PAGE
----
Accessibility December 11, 2018
The wheelchair has given me wings to fly! – My Take by Dr Divya Singh
Disability changed her life but not her passion to heal. In My Take this week, we have Dr Divya Singh, a pediatrician in Ranchi, who makes a passionate argument that being disabled does not come in the way of being a good doctor.
From childhood I was raised to think that studying engineering or medicine was a noble profession. My father, who has a background in engineering, encouraged me and my siblings to look at pursuing either profession and as I grew older, I made up my mind to become a doctor.
I was also somewhat influenced by coaching centers which had images of people with stethoscopes and catchy phrases like “want to be a doctor”, and when my dad told the stethoscope is something that needs to be earned by hard work, I made up my mind to do that and proudly earn it.
I went on to do my MBBS in Ranchi and did an MD in pediatrics and later a fellowship in pediatric intensive care from JIPMER, Pondicherry for a year. It was while I was pursuing my senior residency that I met with a road accident. This was in 2013 in Delhi when I was there to take an exam. The accident was a major one and I had multiple cuts on my face, fractures of the scapula and a severe spinal injury. I was completely paralyzed beyond the neck.
I was operated at the trauma center of the All India Institute of Medical Sciences (AIIMS) with a cervical implant and underwent a traumatic six-month stay. It changed my life totally. From living an independent, confident and enthusiastic life, I became dependent and subdued. It took me quite some time to get out of that mind space and understand that when you have a life, in whatever way, give it your 100%.
Wheelchair is no barrier
Yes, my life rotates on a wheelchair and I need assistance, but it has never stopped me from pursuing my dreams. In fact, I feel free and work like anyone else, doing all my chores in a practical way. This wheelchair has given me wings to fly.
People regard disability as bad karma and bad luck. They have sympathy to share but no empathy. Very few people see the ability beyond your disability, but over the years I have proven them wrong. Disability can happen to anyone at any time and it does not stop you from enjoying yourself and living life on your terms.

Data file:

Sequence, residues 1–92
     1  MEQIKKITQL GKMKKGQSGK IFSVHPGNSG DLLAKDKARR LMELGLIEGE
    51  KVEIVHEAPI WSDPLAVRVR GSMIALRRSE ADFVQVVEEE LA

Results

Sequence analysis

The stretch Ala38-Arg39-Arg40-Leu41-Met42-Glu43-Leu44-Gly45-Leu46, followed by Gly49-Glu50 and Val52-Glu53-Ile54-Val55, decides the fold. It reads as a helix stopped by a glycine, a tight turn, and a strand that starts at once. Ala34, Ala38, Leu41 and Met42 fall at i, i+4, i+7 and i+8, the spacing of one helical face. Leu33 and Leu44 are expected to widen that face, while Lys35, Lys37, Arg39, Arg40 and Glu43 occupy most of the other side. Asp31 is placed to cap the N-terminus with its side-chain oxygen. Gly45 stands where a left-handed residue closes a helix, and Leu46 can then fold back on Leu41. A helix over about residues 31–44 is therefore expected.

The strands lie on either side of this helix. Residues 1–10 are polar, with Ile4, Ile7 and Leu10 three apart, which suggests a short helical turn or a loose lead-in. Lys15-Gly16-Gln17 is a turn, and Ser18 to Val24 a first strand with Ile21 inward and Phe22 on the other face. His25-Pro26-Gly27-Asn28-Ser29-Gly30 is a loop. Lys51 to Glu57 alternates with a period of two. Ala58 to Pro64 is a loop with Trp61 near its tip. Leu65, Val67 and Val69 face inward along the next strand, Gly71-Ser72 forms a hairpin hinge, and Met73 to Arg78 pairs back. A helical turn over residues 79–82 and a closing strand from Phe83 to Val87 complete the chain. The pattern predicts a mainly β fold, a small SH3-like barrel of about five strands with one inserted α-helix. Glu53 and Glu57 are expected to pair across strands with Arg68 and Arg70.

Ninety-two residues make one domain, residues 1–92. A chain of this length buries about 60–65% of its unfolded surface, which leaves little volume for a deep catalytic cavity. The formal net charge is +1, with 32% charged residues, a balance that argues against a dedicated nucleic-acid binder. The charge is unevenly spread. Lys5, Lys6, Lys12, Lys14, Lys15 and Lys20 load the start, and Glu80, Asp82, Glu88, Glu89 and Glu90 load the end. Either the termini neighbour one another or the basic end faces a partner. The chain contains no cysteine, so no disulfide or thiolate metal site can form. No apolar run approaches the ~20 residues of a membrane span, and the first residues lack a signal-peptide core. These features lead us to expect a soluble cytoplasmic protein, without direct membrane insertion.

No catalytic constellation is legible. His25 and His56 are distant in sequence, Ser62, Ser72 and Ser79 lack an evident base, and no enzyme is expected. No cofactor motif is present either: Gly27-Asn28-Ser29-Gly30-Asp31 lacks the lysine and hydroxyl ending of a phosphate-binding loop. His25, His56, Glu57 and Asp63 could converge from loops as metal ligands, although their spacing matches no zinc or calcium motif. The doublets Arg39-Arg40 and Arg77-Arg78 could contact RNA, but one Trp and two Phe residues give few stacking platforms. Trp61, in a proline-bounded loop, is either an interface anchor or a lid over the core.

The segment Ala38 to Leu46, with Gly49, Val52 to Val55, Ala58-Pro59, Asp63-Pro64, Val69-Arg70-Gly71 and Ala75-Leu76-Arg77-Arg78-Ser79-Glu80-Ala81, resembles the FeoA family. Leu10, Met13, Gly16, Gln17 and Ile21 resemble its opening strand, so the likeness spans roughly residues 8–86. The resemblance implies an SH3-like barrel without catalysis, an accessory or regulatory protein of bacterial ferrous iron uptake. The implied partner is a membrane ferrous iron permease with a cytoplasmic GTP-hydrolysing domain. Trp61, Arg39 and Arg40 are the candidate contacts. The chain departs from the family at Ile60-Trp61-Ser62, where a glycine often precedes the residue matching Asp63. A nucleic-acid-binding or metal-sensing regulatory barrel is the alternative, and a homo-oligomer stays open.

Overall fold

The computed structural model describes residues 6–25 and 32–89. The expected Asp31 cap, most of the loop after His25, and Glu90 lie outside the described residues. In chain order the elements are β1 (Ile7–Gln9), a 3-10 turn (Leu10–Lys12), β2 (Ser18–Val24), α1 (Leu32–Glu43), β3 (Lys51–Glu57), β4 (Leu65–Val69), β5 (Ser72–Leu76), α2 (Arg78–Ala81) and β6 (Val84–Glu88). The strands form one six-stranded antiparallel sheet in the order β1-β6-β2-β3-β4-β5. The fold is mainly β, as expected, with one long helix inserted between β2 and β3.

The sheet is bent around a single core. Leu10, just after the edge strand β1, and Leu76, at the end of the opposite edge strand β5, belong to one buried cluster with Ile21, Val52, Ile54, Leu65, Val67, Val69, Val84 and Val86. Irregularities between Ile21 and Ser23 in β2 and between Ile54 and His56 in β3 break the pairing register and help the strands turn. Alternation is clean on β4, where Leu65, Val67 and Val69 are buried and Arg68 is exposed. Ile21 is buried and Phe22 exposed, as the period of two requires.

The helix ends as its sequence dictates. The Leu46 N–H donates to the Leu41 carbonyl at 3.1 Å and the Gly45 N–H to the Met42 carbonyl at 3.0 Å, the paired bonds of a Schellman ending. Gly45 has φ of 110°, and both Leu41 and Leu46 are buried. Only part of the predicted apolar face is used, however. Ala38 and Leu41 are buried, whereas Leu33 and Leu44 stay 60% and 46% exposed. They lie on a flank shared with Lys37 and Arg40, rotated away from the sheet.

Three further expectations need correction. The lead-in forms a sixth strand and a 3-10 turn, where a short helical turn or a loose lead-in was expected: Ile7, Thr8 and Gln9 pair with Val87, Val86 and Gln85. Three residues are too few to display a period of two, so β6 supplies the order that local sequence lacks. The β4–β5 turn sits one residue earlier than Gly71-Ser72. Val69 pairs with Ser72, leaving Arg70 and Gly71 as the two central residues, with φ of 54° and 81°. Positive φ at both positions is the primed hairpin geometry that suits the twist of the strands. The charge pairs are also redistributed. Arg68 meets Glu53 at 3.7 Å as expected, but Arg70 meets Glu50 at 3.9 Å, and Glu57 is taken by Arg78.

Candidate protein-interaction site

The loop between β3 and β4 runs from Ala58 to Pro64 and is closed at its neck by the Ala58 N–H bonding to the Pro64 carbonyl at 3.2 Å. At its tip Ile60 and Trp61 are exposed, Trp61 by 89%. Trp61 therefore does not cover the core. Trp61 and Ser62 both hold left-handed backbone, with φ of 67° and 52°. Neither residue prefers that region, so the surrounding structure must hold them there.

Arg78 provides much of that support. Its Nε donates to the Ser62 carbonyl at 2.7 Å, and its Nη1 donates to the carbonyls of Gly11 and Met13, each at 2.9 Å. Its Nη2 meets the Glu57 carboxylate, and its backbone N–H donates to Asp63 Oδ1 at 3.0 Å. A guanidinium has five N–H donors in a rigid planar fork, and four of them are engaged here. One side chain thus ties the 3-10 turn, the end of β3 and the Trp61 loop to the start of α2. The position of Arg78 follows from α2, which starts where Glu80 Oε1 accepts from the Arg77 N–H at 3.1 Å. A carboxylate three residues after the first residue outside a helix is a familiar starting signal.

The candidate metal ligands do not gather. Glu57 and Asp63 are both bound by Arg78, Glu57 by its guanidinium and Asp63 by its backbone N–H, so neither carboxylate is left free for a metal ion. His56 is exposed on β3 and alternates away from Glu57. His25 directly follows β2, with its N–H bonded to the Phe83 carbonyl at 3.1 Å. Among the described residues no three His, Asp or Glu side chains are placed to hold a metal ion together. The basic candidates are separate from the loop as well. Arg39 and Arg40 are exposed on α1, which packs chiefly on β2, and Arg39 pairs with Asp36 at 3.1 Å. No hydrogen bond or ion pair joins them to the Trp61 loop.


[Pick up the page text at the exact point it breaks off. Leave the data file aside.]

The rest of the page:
There is also this notion that someone with a disability should sit at home, be taken care of, and is always a burden to family and society. I was lucky that my parents never had this mindset. As soon as I was back home from hospital, my dad encouraged me to start working on my wheelchair. Thanks to my family’s support, disability never hampered my goals.
However, challenging this mindset is hard. I had to fight the odds, and government policy to fit in and to work as usual on a wheelchair. Maybe because I was the first disabled candidate of my type who challenged the policy, it took some time, but the government took my request into consideration and today I work at a reputed medical college.
I don’t think we should feel disheartened because things are changing and people with disabilities are getting noticed. The number of disabled people who want to pursue medicine is growing and it is time the government took note of this. Given the right opportunity, we can also excel and have performed better than our non-disabled counterparts. So, I want to say believe in our potential, give us opportunities to show our talents. Disability can affect the body, but not the spirit or your knowledge base.
Let me make it clear that we are not asking for favors. We are eligible for any profession as per our skill and knowledge so recognize that and create job opportunities for each and every one of us. Enable us by making buildings, government and private, wheelchair-friendly. Let us not be felt rejected and recognize our rights!
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